It is evident that Fingolimod holds the potential to exert significant therapeutic effects and offer holistic management of ICH in MS patients. It also has the potential to mitigate the damage caused by hemorrhagic events in the brain. Its ability to inhibit the circulation and migration of pathogenic cells into the CNS could lead to a reduction in the inflammatory response associated with ICH, which may help in limiting secondary damage caused by immune reactions and potentially reduce the risk of recurrent ICH episodes in MS patients. This might contribute to a more stable long-term prognosis [27]. It is worth noting that while S1PR1 plays a pivotal role in mediating the effects of fingolimod, it remains uncertain whether solely targeting S1PR1 is sufficient and indispensable for fingolimod to confer its beneficial effects [27]. Considering the widespread distribution of S1PR1 across various cells involved in the process of ICH, coupled with the preferential localization of RP101075 in the brain, there exists the possibility of other potential cellular targets beyond immune cells and their specific anatomical locations for immune interventions, which necessitates further investigation [27].

Additionally, the activation of S1PR3 by fingolimod is partially responsible for its undesirable effects on the cardiovascular system and organ fibrosis, potentially posing notable safety concerns. A study has shown that fingolimod can increase blood pressure and predispose patients to stroke [28]. Moreover, there has been a case where an MS patient treated with fingolimod developed posterior reversible encephalopathy syndrome (PRES), which has also been associated with ICH [29, 30]. As a result, in January 2012, the European Medicines Agency (EMA) updated its recommendations regarding the use of fingolimod, particularly in MS patients with a prior history of cerebrovascular issues [31]. They also advised that if a particular patient necessitates fingolimod treatment despite their medical history, it is crucial to conduct comprehensive monitoring. Specifically, cardiac activity should be monitored for a minimum of 6 h following the administration of the initial dose via regular ECG tracings and blood pressure measurements [32]. This guidance was further corroborated and adopted by the Central and East European (CEE) MS expert group.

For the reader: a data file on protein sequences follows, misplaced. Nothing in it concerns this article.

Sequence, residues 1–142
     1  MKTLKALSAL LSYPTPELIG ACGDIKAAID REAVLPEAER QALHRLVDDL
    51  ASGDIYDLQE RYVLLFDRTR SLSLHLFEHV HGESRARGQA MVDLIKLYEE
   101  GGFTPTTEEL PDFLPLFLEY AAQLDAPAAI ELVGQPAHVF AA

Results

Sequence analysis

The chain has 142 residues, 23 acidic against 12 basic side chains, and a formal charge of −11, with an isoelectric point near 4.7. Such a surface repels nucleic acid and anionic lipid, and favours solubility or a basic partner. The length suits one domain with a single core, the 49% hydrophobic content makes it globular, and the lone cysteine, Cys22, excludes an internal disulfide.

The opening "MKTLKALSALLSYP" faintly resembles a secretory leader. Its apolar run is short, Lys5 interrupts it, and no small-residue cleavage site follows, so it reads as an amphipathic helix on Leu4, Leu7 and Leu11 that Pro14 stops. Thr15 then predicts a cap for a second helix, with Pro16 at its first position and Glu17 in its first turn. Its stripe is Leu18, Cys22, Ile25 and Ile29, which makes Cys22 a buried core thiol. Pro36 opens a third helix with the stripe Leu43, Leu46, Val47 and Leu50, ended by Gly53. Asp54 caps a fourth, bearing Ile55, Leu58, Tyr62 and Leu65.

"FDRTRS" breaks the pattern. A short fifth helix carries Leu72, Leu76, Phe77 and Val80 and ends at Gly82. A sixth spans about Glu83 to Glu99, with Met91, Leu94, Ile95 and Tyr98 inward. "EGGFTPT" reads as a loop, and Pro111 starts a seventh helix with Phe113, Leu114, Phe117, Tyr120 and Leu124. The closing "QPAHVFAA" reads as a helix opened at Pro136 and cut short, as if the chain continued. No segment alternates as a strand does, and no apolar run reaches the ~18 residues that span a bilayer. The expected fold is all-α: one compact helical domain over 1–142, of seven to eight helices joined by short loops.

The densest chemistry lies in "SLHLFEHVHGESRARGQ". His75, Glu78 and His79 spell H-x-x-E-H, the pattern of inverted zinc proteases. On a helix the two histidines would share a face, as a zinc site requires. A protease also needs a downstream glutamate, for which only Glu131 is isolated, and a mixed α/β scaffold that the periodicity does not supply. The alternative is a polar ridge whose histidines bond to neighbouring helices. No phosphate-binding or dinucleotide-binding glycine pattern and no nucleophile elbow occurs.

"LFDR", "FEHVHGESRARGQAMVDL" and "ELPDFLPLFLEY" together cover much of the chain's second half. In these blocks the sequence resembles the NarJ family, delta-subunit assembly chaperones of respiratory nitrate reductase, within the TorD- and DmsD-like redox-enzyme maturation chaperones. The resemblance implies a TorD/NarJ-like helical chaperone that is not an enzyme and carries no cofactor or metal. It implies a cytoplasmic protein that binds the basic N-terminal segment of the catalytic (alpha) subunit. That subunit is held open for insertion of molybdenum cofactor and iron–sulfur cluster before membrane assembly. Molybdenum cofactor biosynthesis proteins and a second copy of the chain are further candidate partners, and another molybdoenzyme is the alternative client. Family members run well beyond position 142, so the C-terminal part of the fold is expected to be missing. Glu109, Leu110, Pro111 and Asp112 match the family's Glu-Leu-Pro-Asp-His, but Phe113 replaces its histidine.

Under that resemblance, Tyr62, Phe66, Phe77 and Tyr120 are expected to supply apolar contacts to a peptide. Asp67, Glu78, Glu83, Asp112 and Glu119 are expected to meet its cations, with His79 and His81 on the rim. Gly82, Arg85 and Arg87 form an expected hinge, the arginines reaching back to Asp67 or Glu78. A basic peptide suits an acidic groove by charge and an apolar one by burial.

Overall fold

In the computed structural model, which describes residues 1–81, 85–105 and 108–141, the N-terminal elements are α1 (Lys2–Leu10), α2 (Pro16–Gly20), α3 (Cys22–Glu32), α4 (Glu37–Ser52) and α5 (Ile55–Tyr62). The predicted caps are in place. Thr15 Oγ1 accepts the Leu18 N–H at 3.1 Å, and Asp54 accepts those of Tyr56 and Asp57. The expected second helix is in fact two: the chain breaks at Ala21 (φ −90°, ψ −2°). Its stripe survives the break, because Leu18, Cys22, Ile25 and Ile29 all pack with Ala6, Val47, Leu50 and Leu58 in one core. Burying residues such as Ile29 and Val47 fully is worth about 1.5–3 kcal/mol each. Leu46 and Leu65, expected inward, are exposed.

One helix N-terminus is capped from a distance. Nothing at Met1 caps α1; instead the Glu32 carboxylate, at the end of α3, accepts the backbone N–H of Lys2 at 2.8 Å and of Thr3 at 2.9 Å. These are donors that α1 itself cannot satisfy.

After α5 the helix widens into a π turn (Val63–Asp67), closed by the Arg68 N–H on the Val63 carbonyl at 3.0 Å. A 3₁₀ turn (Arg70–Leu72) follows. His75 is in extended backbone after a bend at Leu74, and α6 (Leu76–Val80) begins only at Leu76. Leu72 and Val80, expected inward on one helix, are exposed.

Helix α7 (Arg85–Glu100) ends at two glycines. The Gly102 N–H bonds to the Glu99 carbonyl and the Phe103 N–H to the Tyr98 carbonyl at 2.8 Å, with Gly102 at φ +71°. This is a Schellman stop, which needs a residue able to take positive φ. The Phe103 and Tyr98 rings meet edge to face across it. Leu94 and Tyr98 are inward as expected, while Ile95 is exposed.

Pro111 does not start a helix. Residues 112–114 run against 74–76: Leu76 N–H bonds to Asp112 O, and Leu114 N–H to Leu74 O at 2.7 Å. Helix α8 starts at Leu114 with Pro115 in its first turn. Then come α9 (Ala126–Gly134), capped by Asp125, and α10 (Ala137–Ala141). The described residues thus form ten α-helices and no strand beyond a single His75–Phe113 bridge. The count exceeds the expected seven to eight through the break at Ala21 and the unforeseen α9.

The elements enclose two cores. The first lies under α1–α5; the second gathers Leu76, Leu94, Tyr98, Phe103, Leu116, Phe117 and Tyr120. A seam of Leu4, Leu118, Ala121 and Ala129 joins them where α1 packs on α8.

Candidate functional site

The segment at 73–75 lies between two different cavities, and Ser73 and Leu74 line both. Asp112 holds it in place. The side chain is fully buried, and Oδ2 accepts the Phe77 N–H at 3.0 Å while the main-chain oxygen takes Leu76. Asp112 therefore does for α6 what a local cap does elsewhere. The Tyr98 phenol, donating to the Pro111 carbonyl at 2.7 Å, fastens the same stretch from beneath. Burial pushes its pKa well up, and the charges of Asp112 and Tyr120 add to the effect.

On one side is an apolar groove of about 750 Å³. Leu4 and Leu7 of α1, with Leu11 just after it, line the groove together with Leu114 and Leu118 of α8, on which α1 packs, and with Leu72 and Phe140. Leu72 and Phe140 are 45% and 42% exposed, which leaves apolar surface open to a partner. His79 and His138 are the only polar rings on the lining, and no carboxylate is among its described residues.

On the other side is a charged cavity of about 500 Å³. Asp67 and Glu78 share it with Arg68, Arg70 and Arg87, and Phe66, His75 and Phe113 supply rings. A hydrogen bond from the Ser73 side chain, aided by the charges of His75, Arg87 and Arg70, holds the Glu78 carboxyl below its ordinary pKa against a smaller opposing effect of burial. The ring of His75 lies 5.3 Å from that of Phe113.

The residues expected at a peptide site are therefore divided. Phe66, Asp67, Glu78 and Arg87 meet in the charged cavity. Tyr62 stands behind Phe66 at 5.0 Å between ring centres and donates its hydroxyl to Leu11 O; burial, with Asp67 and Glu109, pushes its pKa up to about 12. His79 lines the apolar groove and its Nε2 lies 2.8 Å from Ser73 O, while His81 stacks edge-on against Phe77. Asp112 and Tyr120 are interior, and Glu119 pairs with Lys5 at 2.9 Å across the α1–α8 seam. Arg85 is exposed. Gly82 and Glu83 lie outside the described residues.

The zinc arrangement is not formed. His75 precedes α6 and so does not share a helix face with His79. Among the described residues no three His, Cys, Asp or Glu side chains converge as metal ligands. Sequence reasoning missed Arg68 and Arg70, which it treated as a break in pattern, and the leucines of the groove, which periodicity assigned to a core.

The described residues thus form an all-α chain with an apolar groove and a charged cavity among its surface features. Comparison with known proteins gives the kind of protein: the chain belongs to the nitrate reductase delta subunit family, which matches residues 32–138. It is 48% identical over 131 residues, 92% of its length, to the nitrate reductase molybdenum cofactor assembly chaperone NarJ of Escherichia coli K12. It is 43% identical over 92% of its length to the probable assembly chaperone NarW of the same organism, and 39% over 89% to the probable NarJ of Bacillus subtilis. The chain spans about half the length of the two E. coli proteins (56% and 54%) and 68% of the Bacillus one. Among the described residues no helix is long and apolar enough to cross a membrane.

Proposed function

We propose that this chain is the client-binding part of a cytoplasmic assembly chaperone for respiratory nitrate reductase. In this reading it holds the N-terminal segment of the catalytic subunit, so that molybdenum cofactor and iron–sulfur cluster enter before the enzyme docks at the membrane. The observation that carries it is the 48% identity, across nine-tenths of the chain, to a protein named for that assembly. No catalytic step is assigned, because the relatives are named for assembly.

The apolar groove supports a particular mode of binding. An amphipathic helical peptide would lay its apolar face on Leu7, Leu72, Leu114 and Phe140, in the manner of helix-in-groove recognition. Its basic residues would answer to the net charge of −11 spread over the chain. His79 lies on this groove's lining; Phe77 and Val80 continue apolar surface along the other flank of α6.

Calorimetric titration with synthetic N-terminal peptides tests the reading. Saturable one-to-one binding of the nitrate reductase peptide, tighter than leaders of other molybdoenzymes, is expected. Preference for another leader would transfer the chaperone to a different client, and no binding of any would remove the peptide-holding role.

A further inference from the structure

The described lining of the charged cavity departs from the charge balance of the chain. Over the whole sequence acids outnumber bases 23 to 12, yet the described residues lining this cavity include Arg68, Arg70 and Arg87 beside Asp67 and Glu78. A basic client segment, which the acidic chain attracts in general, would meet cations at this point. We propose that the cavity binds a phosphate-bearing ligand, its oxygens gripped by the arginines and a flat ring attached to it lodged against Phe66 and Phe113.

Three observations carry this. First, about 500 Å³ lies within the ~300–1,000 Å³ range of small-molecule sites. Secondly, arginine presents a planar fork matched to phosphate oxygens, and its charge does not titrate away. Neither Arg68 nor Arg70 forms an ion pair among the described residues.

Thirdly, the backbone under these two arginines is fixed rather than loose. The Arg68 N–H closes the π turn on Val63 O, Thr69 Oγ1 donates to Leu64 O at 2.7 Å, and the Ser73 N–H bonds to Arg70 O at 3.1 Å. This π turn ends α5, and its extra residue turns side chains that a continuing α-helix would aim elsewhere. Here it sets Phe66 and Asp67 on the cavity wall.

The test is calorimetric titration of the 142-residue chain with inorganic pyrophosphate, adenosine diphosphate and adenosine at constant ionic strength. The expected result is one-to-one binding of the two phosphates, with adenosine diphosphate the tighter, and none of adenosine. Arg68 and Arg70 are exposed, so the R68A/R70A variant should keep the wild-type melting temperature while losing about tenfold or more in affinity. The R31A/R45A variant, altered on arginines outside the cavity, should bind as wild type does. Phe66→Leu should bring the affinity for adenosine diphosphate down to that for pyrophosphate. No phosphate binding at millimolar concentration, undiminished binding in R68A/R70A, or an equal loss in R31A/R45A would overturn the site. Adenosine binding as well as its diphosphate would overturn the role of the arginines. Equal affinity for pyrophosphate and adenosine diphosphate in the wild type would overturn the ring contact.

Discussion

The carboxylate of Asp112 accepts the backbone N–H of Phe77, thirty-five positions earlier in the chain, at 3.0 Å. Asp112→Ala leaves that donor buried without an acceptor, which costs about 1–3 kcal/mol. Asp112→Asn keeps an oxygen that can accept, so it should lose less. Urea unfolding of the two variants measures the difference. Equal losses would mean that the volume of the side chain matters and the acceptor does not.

Siponimod

Siponimod (BAF312) functions as an S1P analogue, selectively targeting S1PR types 1 and 5, similar to Fingolimod [33]. Studies in a mouse model of ICH have demonstrated Siponimod’s multiple benefits, including reduced lymphocyte counts leading to lymphopenia, decreased brain and perihaematomal edema, improved survival rates, better neurological outcomes up to 72 h post-ICH, and reduced weight loss [33]. These effects are thought to stem from siponimod’s capacity to modulate brain tissue inflammation through S1PR1, thereby limiting secondary brain damage [33]. Siponimod operates by making S1PR1 receptors unresponsive to normal exit signals from lymph nodes [34] and exerts other actions such as affecting glial cell function, reducing demyelination, and lowering circulating monocyte levels, independently of S1PR3 [35]. However, siponimod also activates G-protein-coupled inwardly rectifying potassium channels in human atrial myocytes, potentially explaining the observed rapid yet temporary bradycardia onset in some studies [34]. Additionally, its interaction with 5-G protein-coupled S1P receptors, located in crucial organs like the lungs, heart, and kidneys, suggests a broader impact on various physiological processes during treatment [34].

The aforementioned studies suggest that the multifaceted approach to siponimod makes it potentially beneficial for treating ICH in MS patients. However, given its impact on various physiological processes and the potential cardiovascular effect of the medication, it is crucial to exercise caution when used in patients, especially those with predisposing factors. There is an imperative need for further research and clinical trials that investigate the use of siponimod in patients with ICH, given the promising results observed in preclinical studies.

Ozanimod